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A depth charge is an explosive device which is designed for use in anti-submarine warfare. Rather than being designed to hit the submarine itself, a depth charge is meant to cause damage with its concussive shock wave, ideally forcing the submarine to surface, so that it can be attacked by ships and aircraft overhead. These devices often play a prominent role in submarine movies, as fans of this particular genre may have noted.
The concept of the depth charge was initially developed in 1910 by the British, with early versions being rolled out by 1914 for the purpose of attacking German submarines. Early depth charges were very crude, but their designers learned quickly, developing increasingly effective weapons which became especially useful in the Second World War, when German U-Boats patrolled the Atlantic looking for victims.
Depth charges include a large quantity of explosives, to ensure that a large shock wave will develop, and a detonator, which is usually set to go off at a particular depth, or after a certain amount of time has elapsed. The first depth charges were just barrels filled with explosives on a timer which were rolled from the back of a ship. Modern versions are often finned, so that they will penetrate the water quickly and evenly, rather than straying off target, and in addition to conventional explosives, they can also be equipped to carry nuclear warheads.
In some cases, a depth charge can score a direct hit on a submarine, causing damage with the explosives. More commonly, however, depth charges must be laid on in a field, exploding at different heights in the hopes that one will eventually catch the submarine in its shock wave. When a submarine is attacked with depth charges, it can attempt to submerge to avoid them, and it can also try to outrun them, but the sound of the submarine's engines will alert listeners on the surface, allowing them to target the submarine more precisely. If the submarine is damaged by the shock wave, it will need to surface, making it a sitting duck for the attacker.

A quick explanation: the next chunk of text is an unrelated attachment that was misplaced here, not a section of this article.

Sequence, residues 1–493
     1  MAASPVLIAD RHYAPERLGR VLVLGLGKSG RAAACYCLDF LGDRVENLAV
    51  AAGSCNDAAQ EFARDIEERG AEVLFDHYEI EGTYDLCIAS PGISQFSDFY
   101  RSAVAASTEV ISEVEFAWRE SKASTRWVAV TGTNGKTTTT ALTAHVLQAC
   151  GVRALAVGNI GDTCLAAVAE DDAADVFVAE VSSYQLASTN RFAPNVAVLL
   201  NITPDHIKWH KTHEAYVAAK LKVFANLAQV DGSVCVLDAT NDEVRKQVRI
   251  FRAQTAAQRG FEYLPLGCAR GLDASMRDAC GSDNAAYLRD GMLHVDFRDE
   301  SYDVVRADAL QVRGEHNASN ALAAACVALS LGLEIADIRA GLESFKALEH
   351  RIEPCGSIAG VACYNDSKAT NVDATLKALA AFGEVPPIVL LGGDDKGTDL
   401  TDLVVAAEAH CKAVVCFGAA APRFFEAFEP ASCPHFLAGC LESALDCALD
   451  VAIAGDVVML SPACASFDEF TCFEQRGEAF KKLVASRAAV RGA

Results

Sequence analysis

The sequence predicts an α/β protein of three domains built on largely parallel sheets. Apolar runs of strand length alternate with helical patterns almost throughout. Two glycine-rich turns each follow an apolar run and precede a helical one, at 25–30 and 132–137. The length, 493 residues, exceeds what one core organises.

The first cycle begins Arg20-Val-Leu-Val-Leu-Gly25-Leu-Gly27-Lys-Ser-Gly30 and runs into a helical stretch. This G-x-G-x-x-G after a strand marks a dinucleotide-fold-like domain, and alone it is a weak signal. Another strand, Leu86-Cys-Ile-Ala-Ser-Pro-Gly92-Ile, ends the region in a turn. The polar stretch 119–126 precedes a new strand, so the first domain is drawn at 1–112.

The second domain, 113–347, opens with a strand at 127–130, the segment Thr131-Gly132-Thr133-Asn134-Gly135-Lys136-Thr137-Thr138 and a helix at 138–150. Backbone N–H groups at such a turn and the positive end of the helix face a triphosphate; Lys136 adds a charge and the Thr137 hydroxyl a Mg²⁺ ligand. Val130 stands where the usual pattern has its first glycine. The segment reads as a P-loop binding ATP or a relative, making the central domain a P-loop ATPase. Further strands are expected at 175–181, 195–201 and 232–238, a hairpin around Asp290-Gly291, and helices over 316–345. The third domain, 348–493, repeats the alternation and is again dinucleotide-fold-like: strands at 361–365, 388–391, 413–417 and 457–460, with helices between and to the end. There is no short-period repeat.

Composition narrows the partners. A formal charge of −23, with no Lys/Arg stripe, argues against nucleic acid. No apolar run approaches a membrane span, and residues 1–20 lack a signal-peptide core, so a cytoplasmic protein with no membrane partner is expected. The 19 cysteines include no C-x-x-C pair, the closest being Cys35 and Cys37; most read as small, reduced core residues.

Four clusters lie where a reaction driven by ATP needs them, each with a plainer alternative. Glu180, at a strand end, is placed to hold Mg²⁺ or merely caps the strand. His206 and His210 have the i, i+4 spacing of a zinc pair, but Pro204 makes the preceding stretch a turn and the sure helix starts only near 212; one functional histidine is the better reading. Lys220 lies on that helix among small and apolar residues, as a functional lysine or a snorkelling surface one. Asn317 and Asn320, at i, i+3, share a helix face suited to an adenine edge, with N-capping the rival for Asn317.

Originally, depth charges had to be deployed from ships. Modern versions can also be dropped from aircraft, which may work in concert with a ship, or on their own. Ships and aircraft which deploy depth charges must also watch out for return shots from the submarine, because the sounds of the deployment betray the location of the ship or aircraft dropping the charges.
Another weapon used in anti-submarine warfare is the torpedo. Torpedoes are designed to penetrate a submarine and detonate, ripping a hole in the submarine which will cause it to sink. A well-placed torpedo can also cause secondary detonations of weapons stored in the submarine, causing the ship to blow itself up. Submarines can also fire torpedoes at targets.
There are a couple of movies that clearly illustrate the effects of depth charges on submarines. "Run Silent, Run Deep" with Clark Gable is a World War II drama where the crew of Gable's sub undergoes a serious depth charging attack that lasts for hours.
"Operation Petticoat," with Cary Grant is a World War II comedy about the misadventures of the sub Sea Tiger, under Grant's command. They have to deal with depth charges as friendly fire, and the way they stop the attack is one of the comedic high points of the movie. But even the comedic element does not downplay the seriousness of the Sea Tiger's situation, or the potential depth charges have to cause serious damage to a sub -- or even sink it.
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